One of Flagstaff’s most iconic views of the San Francisco Peaks can be seen from Schultz Meadow. The three acres of untouched land at the corner of Schultz Pass Road and Fort Valley Road is a popular spot for locals and tourists alike to enjoy the beauty of Flagstaff. However, this won’t be the case if the area is developed — which is exactly what Save Schultz Meadow is trying to prevent.

A member of the Save Schultz Meadow committee, Staci Foulks, said the group is a citizen ballot initiative that is currently collecting signatures to put Schultz Meadow on the ballot. This would give voters the opportunity to vote on preserving the land as open space, which would protect the land from development.

The citizen initiative process bypasses the legislative branch of government. When it is passed, only the voters can overturn the decision with another citizen initiative, Foulks said. The legislative branch cannot repeal it.  If the voters approve this question, the Flagstaff City Council will not be able to reverse the decision. She said this means with enough signatures, Save Schultz Meadow is guaranteed to be on the ballot.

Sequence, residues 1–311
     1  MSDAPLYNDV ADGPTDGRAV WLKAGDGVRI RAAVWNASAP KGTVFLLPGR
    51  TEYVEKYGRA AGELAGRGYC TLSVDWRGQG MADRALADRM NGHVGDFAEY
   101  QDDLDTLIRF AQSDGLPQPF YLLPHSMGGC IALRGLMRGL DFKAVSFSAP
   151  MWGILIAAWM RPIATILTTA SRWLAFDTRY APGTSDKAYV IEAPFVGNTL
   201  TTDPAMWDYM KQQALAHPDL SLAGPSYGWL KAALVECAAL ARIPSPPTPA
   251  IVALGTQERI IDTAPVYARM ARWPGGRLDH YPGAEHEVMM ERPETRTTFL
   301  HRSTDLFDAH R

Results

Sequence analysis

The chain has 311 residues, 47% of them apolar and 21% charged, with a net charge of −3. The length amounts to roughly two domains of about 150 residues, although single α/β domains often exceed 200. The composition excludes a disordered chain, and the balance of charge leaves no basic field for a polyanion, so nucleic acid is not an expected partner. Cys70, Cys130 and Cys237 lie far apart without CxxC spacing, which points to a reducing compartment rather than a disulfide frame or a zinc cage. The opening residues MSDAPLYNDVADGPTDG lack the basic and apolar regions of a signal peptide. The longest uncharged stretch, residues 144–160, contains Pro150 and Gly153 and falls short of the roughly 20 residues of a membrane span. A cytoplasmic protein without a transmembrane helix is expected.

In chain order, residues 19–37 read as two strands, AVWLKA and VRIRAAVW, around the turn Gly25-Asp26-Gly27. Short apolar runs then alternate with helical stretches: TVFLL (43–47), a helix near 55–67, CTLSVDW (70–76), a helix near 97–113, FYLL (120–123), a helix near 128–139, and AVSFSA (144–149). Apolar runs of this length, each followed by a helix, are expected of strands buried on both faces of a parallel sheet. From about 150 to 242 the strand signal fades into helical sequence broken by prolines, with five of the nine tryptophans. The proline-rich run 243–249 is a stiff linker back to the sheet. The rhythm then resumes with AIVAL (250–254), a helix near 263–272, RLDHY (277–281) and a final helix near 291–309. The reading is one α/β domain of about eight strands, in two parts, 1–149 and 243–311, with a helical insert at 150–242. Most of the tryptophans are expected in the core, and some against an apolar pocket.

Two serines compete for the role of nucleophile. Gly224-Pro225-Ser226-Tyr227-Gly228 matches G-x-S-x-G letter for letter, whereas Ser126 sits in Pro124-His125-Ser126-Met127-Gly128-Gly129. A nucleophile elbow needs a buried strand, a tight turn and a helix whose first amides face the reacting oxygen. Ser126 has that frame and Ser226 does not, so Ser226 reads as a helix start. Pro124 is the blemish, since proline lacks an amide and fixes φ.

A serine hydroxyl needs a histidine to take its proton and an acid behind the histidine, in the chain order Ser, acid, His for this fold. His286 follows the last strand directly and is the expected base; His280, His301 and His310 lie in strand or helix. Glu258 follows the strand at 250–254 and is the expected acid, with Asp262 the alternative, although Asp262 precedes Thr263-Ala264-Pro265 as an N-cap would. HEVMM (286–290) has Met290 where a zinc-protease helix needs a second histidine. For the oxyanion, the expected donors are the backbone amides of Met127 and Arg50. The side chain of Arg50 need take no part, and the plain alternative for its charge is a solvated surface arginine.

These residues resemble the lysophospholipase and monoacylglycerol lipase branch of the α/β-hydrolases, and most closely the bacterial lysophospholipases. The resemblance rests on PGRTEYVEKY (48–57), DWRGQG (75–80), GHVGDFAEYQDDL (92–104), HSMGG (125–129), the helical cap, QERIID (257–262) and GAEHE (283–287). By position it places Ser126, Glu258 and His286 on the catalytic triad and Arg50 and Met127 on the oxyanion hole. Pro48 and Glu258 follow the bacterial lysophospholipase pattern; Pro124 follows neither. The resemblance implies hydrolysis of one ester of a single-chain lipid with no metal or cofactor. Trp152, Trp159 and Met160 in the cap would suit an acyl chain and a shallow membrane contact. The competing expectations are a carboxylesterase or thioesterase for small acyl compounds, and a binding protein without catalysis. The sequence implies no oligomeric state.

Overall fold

“We believe that the citizen initiative process is the purest form of democracy, better than having our elected officials decide for us,” Foulks said.

Over 4,500 registered voters signed petitions to put Schultz Meadow on the ballot, Foulks said, and volunteers are continuing to collect more signatures. She explained that the majority of voters who have interacted with her have been supportive of saving Schultz Meadow.

“The overall response has been extremely positive,” Foulks said. “The Flagstaff community is passionate about preserving Schultz Meadow as open space. We have learned that many in Flagstaff feel that Schultz Meadow is an iconic piece of Flagstaff.”

Although Foulks said most people have reacted positively to the Save Schultz Meadow movement, there are some community members as well as city council members who oppose the initiative and are in favor of developing the area. Despite the minor opposition, the initiative has collected and continues to collect a large amount of signatures.